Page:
As I pointed out a while back, people love free stuff when it comes to the internet.
Beyond communication, it may be the most popular use of the internet around. But what happens when a platform intended for communication becomes overwhelmed by free stuff?
To put it simply, that’s what Usenet is. The protocol, with a history that goes back nearly 40 years, evolved from its arcane roots as a place for technically minded college students and sysops to communicate into a newbie-overrun protocol, then into a major hub for file sharing.
Why did Usenet see its digital role shift so dramatically over time? Let's discuss.
The fundamental technology that eventually changed Usenet’s fortunes forever
In 1979, two Duke University students came up with the basic idea of "netnews," the service that became Usenet after an array of improvements.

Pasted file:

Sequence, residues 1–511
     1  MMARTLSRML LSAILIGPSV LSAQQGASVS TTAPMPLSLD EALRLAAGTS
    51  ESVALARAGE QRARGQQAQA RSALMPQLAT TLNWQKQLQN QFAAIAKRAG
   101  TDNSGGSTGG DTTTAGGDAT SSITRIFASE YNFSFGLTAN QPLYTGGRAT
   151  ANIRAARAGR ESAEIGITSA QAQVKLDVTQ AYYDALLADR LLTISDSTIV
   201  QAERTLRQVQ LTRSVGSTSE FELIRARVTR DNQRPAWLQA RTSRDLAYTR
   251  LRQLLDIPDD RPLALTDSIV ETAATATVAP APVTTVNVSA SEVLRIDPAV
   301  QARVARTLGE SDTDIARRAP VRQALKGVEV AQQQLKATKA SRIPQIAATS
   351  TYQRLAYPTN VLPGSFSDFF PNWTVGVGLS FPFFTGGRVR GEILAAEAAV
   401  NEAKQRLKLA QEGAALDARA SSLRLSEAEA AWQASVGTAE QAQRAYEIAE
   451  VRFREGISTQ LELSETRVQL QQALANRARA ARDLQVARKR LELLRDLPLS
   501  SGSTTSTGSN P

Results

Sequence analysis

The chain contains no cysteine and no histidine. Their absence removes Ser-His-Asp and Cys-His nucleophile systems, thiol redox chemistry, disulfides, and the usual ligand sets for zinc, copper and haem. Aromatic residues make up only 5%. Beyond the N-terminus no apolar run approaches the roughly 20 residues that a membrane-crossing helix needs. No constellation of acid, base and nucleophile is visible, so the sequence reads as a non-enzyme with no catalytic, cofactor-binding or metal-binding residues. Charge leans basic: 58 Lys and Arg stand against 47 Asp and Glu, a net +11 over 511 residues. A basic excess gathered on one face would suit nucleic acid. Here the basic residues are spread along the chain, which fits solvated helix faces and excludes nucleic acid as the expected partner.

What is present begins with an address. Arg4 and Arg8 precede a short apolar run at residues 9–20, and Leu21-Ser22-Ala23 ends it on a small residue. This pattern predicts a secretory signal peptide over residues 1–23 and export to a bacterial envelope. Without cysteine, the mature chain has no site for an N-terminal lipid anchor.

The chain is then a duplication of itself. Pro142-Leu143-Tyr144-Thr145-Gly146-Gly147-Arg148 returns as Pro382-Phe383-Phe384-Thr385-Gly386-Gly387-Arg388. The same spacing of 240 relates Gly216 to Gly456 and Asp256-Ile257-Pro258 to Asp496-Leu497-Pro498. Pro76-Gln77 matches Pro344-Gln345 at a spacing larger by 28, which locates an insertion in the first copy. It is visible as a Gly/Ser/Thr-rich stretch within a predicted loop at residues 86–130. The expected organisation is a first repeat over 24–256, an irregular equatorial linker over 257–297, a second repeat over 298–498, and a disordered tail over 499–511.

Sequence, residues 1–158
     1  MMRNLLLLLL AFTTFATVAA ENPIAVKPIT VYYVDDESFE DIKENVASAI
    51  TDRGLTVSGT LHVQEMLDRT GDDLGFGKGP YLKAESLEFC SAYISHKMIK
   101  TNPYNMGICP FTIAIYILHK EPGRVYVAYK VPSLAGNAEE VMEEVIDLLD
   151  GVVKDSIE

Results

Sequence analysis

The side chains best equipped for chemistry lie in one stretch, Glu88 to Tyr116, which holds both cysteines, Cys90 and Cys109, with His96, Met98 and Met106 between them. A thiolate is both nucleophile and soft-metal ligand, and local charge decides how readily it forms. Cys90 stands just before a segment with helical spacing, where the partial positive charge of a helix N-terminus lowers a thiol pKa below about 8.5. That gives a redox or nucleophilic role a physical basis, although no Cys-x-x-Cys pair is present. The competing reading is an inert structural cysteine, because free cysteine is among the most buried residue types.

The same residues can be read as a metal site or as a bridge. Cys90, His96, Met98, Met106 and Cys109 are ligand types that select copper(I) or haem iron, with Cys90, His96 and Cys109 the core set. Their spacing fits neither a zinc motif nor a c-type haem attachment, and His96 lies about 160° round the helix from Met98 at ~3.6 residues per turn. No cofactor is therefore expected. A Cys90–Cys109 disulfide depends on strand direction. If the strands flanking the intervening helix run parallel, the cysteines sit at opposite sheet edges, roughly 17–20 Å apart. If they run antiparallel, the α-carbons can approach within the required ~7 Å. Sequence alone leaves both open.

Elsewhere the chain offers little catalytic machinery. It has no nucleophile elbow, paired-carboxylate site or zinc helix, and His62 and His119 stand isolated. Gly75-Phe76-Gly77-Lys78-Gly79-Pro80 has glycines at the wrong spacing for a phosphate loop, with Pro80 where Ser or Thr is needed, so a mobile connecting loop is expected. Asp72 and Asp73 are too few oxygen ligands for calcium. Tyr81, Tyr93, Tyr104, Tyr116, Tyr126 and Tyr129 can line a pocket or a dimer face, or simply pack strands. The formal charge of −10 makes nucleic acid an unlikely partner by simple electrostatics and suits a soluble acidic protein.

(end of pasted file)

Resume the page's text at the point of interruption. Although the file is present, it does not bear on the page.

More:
Their protocol, originally named A-News before a series of improvements, took advantage of the Unix-to-Unix Copy Protocol (UUCP), a distributed way of copying files between computers that was built alongside the ARPANET, the network that became known as the internet. Eventually, it became compatible with it. The developers, Tom Truscott and Jim Ellis, made the software available to any Unix host, and within a few years, the protocol became one of the most popular ways to communicate through the still-formative internet.
Usenet’s creation was based around the idea that computers were becoming sophisticated enough that they could be used to hold conversations, and there was plenty of conversation going on. It was basically Reddit, except decentralized and without a true owner.